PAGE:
- Lie back onto the blanket, making sure your shoulders are supported, and your head is off the blanket with your neck resting on the edge.
- Bend your knees and place your feet flat on the floor, hip-width apart.
- Place your hands on the floor beside your hips, palms down, fingers pointing toward your feet.
- Engage your core muscles and press your hands into the floor to lift your legs off the ground, bringing your knees toward your chest.
- Inhale deeply, and as you exhale, lift your legs and hips off the ground. Your body should form a straight line from your shoulders to your feet.
- Keep your legs together and extend them vertically toward the ceiling. Your toes should point upward.
- Support your lower back with your hands, keeping your elbows shoulder-width apart. Your fingers can point up or hold onto your lower back for support.
- Maintain a firm foundation with your arms and shoulders. Your weight should be on your shoulders, not your neck.
- Keep your neck relaxed and gaze toward your chest, avoiding any strain on the neck.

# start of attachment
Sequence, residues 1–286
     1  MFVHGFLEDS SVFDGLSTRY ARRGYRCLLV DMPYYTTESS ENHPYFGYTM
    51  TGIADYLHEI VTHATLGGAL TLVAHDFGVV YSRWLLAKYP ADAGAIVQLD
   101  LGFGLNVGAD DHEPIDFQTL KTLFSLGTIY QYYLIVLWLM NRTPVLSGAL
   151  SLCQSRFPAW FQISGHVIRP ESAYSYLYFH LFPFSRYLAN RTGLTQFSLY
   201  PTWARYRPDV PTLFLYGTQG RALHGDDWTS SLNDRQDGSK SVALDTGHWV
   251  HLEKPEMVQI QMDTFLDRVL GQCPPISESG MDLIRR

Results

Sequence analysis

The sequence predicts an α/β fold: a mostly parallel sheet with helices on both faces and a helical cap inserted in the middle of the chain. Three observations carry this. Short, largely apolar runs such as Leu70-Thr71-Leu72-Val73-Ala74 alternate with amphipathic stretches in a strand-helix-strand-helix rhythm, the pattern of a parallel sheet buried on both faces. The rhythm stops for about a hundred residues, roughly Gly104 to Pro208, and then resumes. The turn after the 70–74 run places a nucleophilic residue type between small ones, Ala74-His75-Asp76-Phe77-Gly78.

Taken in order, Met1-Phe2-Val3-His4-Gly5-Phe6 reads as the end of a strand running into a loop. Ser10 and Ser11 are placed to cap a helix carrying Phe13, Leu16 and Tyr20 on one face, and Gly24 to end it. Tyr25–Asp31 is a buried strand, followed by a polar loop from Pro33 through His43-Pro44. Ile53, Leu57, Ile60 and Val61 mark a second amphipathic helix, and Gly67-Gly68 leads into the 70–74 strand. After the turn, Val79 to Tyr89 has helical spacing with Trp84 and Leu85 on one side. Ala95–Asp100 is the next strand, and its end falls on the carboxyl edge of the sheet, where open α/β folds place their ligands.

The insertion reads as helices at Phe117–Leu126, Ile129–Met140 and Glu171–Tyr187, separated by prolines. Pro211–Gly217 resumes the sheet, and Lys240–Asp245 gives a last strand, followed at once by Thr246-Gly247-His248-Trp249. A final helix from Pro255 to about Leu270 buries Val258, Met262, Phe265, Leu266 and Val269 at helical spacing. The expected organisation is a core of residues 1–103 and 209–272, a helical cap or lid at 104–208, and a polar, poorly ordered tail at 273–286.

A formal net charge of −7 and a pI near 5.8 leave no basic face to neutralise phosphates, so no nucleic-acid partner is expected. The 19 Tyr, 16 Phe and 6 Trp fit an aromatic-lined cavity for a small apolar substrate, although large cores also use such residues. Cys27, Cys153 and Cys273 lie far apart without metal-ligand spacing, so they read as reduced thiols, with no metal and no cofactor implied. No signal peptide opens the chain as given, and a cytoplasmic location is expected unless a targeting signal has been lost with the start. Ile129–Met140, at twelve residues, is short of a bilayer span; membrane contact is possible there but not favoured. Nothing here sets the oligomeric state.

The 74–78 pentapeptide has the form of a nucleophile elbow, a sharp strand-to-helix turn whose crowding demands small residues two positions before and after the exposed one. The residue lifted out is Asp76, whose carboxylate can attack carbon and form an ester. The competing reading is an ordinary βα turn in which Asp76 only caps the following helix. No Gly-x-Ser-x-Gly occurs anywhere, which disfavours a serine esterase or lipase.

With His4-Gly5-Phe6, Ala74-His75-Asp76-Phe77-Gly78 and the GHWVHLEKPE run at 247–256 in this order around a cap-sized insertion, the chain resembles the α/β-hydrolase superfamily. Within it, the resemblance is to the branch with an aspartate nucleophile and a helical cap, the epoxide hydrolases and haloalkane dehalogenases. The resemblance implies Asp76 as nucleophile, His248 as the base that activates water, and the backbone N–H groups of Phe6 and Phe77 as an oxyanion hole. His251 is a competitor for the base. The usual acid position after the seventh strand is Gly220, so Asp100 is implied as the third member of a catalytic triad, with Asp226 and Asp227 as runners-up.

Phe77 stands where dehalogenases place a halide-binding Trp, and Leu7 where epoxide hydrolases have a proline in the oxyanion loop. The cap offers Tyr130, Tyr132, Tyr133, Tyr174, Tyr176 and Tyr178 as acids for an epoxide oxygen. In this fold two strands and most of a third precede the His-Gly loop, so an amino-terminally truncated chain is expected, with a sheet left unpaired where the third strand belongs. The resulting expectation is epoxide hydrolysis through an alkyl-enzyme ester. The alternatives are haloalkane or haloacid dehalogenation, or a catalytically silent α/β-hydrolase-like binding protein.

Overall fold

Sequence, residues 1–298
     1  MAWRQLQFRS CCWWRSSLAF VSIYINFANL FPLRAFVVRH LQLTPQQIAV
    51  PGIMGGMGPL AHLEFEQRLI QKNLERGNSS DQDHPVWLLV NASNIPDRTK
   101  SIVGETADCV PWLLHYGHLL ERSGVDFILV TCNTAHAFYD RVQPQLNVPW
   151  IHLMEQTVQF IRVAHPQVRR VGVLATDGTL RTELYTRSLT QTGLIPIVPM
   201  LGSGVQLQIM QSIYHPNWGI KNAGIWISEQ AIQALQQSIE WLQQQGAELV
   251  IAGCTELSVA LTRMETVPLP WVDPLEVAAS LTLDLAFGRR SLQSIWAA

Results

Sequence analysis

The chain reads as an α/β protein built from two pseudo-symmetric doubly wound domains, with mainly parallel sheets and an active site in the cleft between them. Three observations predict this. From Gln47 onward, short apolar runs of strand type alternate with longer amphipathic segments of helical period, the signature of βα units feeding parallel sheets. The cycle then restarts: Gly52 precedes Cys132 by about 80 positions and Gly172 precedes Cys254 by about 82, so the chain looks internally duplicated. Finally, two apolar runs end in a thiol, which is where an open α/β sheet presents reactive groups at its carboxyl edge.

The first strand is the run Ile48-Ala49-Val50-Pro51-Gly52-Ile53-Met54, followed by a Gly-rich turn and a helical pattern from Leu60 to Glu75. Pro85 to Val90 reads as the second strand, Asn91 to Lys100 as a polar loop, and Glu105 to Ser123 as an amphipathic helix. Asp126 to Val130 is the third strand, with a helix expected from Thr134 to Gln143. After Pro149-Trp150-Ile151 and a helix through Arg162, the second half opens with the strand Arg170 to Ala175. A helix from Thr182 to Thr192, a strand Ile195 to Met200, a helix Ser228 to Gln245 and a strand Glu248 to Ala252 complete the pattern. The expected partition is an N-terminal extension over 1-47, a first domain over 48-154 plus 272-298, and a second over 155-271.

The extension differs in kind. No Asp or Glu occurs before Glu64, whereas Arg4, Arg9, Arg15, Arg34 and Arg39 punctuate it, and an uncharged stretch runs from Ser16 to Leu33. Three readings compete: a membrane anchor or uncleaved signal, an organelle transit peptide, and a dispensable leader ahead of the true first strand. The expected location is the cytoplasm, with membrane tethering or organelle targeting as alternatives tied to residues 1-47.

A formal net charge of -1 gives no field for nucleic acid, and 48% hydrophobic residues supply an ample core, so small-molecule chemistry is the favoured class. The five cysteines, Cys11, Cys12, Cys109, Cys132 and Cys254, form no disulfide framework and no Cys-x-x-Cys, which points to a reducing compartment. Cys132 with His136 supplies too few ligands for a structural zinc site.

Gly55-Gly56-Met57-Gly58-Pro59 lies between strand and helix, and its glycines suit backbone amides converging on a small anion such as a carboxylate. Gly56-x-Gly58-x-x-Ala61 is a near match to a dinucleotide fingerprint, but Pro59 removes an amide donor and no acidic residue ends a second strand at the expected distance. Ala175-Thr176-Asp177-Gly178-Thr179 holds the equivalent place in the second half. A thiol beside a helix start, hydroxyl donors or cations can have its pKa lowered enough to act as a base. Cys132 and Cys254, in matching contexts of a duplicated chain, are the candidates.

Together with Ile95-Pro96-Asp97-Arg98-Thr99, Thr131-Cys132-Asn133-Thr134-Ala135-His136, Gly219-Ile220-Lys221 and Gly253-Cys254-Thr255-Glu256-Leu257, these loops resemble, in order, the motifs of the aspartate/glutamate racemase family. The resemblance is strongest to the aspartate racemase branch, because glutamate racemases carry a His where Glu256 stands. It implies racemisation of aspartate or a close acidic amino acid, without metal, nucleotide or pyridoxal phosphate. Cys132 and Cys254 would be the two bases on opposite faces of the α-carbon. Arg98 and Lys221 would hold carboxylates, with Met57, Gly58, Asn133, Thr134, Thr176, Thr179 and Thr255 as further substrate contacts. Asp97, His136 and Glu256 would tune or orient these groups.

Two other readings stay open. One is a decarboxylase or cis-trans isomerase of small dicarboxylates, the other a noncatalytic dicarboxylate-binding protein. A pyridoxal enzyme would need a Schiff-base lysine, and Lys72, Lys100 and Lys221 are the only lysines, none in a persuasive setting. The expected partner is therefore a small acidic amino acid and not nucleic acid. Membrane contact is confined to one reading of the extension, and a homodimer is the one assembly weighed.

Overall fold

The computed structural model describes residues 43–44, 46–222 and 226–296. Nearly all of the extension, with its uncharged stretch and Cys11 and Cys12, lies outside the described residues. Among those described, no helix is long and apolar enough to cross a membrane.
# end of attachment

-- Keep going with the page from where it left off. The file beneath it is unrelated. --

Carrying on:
- Breathe deeply and steadily in Salamba Sarvangasana, holding the pose for 30 seconds to 1 minute, or as long as is comfortable. Focus on your breath and the alignment of your body.
- To release the pose, exhale and lower your legs slowly toward the floor, keeping your feet hovering above the ground. Bend your knees and return to a seated position.
- Rest in Savasana (Corpse Pose) for a few breaths to relax your neck and shoulders.
Salamba Sarvangasana is known for its benefits in improving circulation, stimulating the thyroid gland, and calming the nervous system.
Note: Shoulder stands, including Salamba Sarvangasana, are considered advanced yoga poses and should be practiced with caution, especially by beginners. It's important to have proper guidance and be aware of contraindications, such as neck or shoulder issues, high blood pressure, or pregnancy. Consult a qualified yoga instructor or healthcare professional if you have any concerns.